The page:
|2 servings||calories per servings 523||protein serving 17 g||carbs per serving 85 g||total fat per serving 15 g|
Sweet potato greens are a delicacy, culled from the plants as the sweet potatoes are growing. They have a firm texture that turns velvety when cooked, and the flavor is both floral and minerally. They can also be eaten raw in a salad, just as one would enjoy raw kale. In this main dish salad, they are contrasted with sweet beets and figs, with a tangy touch of lemon and goat cheese.
|Nutrition Facts||/ Per Serving|
|Total Fat||15 g|
|Saturated Fat||6 g|
|Trans Fat||0 g|
|Polyunsaturated Fat||1 g|
|Monounsaturated Fat||5 g|
|Total Carbohydrates||85 g|
|Dietary Fiber||15 g|
In a small saucepan combine rice, 1 1/2 cups water and bouillon cube. Place over high heat, and bring to a boil. Stir, cover and reduce heat to medium-low. Cook until all liquid has been absorbed and rice is tender, 35-40 minutes.
Heat oven to 400° F. Prepare your mise en place: Peel beets, and cut into 1/2-inch pieces. Halve figs. Remove stems from sweet potato greens, and finely slice (chiffonade) leaves into 1-inch-long shreds. Remove roots from green onions, and finely chop onions. Zest and juice lemon; measure 1 tablespoon lemon juice, and reserve the rest for another use.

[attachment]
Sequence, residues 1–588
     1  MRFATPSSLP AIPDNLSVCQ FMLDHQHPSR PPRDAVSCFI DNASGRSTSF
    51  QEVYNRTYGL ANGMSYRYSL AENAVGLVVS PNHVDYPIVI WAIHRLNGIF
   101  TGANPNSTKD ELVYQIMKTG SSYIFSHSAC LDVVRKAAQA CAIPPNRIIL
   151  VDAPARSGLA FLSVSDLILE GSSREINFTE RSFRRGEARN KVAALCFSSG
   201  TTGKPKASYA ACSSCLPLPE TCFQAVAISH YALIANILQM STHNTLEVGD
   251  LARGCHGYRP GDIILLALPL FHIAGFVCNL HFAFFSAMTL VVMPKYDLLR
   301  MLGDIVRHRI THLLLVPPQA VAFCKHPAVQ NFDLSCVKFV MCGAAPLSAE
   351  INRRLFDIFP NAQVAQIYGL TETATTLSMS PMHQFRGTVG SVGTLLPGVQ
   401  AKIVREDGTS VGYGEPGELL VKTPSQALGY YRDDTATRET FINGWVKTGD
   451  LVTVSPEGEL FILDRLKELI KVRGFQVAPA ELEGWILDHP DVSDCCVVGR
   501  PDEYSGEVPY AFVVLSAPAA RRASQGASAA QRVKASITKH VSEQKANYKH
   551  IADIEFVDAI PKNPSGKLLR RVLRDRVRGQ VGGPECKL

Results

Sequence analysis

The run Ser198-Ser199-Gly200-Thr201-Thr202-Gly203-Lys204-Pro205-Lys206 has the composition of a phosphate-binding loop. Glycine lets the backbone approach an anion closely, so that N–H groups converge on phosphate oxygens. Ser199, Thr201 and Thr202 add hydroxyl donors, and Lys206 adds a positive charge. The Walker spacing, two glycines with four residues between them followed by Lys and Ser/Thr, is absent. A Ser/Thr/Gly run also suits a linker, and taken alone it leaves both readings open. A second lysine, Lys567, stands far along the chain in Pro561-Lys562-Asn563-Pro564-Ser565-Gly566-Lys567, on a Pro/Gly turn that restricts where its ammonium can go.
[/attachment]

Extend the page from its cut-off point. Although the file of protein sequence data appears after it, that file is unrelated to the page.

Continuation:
Place beets and figs in a mixing bowl. Drizzle with 1 1/2 teaspoons olive oil, and sprinkle with 1/4 teaspoon Hot Steve salt. Toss to coat evenly. Spread in a single layer on a baking pan (reserve mixing bowl). Roast in oven until beets are tender, 18-20 minutes.
While beets and figs roast, in the reserved mixing bowl combine sweet potato greens, green onions, remaining 1 1/2 teaspoons olive oil, 1 tablespoon lemon juice, lemon zest and 1/4 teaspoon Hot Steve salt. Mix and lightly crush the greens in your hands to tenderize it.
Add cooked beets and figs while still hot to sweet potato greens, along with any roasting juices. Toss to combine, taste and adjust seasoning as desired with Hot Steve salt. Serve greens and beets topped with goat cheese and rice on the side. Enjoy!
Seth worked with top chefs in New York and in Atlanta, and worked as the Program Director for a farm to school pilot program aimed at developing standards-based, hands-on garden and cooking curriculum for children from kindergarten to fifth grade. Seth also spent several years working as a farmers market chef in Atlanta. During this time, he established and developed connections between the market and local schools, after-school clubs, senior living facilities, and other community organizations. At these community connection posts, he shared his culinary knowledge and expertise, giving hands on cooking instruction as he explained how farmers markets can benefit an individual's health and community. In 2016, Chef Seth was named a Georgia Grown Executive Chef for his commitment to locally grown food.Learn More...